During pandemic, Rand Paul stands out (but not in a good way)

Given his track record, perhaps Rand Paul should, to borrow a phrase, show "a little bit of humility."
Sen. Rand Paul
Sen. Rand Paul, R-Ky., arrives for the Senate Republicans lunch in the Hart Senate Office building on May 5, 2020.Bill Clark / CQ-Roll Call, Inc via Getty Images

In early March, as the coronavirus crisis was first coming into focus in the United States, Congress approved a modest $8.3 billion emergency bill. The bipartisan measure passed the Senate 96 to 1 -- and Sen. Rand Paul (R-Ky.) was the lone opponent.

It was an early indication that when it came to the deadly pandemic, Kentucky's junior Republican senator was likely to stand out.

More than two months later, Rand Paul is still getting out on limbs by himself.

Sen. Rand Paul, R-Ky., told reporters Tuesday that the amount of people who have died from COVID-19 in New York City would have been as high as it currently is, regardless of what precautions had been taken there. "I think New York would have lost about the same amount of people whether they did anything or not," Paul told reporters after he heard testimony from Dr. Anthony Fauci to the Senate Health, Education, Labor and Pensions Committee.

Of course, this is completely at odds with everything we've heard from actual epidemiological experts, but the GOP senator and failed presidential candidate doesn't seem overly impressed with the nation's leading authorities.

Rand Paul said at yesterday's committee hearing yesterday, for example, "I think we ought to have a little bit of humility in our belief that we know what's best for the economy. And as much as I respect you, Dr. Fauci, I don't think you're the end-all, I don't think you're the one person that gets to make a decision. We can listen to your advice, but there are people on the other side who are saying there's not going to be a surge and that we can safely open the economy."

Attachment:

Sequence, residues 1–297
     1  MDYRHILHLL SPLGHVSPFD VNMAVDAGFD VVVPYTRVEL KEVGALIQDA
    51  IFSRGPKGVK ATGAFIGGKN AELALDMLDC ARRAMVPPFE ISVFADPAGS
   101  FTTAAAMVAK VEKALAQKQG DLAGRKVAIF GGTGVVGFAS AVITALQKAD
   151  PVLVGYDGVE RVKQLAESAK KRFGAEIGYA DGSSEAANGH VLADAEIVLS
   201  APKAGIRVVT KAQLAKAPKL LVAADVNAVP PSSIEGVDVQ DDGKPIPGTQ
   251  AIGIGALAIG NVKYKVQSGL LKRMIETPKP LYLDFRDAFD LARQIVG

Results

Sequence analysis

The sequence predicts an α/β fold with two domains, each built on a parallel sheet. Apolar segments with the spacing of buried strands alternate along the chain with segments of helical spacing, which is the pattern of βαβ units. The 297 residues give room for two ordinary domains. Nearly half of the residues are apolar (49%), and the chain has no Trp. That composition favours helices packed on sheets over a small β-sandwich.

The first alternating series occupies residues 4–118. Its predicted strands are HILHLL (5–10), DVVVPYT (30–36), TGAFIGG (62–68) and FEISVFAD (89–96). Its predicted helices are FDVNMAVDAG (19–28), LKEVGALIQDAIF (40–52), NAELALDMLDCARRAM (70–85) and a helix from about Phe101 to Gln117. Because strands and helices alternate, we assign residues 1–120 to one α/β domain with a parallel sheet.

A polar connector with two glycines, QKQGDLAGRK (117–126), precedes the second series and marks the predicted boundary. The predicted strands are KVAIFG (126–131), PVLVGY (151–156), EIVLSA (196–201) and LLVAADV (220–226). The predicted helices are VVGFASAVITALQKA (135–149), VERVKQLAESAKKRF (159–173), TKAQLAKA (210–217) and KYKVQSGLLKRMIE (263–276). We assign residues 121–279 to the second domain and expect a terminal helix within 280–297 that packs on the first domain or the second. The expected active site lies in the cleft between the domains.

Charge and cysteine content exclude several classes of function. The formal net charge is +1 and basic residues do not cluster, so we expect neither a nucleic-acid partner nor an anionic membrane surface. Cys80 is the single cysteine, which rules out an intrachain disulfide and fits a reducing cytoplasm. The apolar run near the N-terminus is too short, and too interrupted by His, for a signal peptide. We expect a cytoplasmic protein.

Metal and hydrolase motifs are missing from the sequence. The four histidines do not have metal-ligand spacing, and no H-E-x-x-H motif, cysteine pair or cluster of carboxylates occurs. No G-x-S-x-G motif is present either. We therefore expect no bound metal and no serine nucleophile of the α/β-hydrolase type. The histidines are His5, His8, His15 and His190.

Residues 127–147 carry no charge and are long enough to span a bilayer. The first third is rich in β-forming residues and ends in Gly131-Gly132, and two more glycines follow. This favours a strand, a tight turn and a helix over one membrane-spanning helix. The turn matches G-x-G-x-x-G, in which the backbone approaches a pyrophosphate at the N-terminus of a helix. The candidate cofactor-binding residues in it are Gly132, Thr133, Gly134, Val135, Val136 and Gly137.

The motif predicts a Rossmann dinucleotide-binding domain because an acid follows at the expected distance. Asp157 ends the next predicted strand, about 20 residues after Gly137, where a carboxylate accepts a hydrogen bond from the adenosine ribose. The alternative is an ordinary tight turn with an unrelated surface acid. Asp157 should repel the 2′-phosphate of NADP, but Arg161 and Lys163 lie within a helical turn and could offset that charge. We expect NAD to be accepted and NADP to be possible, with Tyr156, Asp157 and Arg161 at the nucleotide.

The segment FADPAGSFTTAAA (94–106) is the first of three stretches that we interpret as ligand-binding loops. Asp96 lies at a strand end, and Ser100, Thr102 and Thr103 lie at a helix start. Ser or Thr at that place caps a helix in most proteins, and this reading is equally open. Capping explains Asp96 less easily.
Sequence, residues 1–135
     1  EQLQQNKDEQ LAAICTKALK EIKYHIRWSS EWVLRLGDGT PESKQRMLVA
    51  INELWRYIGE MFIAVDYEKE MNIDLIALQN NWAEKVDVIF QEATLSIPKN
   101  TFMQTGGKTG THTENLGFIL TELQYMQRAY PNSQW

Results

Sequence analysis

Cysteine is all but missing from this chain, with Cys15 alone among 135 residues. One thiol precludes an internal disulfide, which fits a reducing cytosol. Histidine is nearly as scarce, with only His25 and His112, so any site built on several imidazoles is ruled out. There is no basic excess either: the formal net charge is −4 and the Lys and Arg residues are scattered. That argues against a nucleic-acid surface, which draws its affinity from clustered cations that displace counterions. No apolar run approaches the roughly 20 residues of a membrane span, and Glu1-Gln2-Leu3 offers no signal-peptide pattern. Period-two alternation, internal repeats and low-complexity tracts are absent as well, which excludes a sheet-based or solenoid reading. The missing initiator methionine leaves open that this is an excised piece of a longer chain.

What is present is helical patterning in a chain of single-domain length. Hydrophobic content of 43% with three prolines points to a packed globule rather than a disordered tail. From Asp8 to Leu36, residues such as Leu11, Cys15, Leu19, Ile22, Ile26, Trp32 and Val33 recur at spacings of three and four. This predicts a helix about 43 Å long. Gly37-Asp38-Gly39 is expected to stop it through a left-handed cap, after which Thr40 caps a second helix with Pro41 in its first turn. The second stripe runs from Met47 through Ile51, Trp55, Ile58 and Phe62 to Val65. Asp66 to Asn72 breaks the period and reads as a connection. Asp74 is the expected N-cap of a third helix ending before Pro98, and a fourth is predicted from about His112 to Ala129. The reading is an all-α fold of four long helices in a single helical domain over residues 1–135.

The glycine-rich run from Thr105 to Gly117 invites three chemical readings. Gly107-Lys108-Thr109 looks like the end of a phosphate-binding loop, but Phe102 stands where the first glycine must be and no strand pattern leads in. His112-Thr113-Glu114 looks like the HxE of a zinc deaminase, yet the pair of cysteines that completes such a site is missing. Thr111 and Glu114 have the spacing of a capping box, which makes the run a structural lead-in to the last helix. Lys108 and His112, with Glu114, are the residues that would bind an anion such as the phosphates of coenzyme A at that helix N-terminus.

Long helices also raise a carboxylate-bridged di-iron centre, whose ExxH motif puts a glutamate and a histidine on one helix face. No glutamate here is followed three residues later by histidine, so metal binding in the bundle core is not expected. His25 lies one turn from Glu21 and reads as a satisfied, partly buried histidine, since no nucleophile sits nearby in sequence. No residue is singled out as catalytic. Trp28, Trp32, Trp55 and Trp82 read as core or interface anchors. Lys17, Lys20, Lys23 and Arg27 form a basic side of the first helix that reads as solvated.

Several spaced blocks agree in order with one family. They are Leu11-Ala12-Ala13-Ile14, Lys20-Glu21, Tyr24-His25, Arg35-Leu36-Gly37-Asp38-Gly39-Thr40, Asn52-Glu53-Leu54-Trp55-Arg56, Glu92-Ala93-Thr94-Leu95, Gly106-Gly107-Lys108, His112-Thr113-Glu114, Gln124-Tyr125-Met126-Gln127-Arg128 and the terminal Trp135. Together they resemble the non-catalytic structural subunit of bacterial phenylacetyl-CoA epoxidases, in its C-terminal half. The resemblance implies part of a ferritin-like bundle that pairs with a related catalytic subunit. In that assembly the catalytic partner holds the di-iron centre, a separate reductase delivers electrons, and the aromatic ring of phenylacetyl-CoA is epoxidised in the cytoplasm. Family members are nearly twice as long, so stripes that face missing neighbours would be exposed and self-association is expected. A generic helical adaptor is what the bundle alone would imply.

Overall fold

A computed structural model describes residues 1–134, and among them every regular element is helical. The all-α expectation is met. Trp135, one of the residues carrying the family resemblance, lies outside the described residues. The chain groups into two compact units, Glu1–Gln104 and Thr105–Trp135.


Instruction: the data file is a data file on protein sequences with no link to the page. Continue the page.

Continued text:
Fauci responded, "I have never made myself out to be the end-all and only voice in this. I'm a scientist, a physician, and a public health official. I give advice according to the best scientific evidence."

Nevertheless, Paul had quite a bit to say yesterday, arguing that he doesn't expect a surge in coronavirus cases, the crisis has been "relatively benign" outside of "New England," and school closings have been "kind of ridiculous."

I'm going to assume the Senate Republican is confused about which states are actually in New England. It also seems likely that he hasn't seen the latest information about the role children play in transmitting the virus.

Paul added, "The history of this, when we look back, will be of wrong prediction after wrong prediction after wrong prediction."

Speaking of wrong predictions, watching the Kentucky lawmaker yesterday, it was hard not to reflect on a similar display from Rand Paul during a public-health emergency in 2014 -- except at that time, instead of trying to downplay a viral threat, the GOP senator was doing the exact opposite.

As longtime readers may recall, in the fall of 2014, with public anxieties over Ebola growing, Rand Paul started making appearances on right-wing radio programs, questioning Ebola assessments from the experts, blaming "political correctness," and raising threats that seemed plainly at odds with the facts. At one point, he asserted without proof that the authorities were deliberately misleading Americans about the virus.

At the time, it was Dr. Anthony Fauci who had to reassure the public that Rand Paul's rhetoric wasn't true.

With a track record like this one, perhaps the senator should, to borrow a phrase, show "a little bit of humility."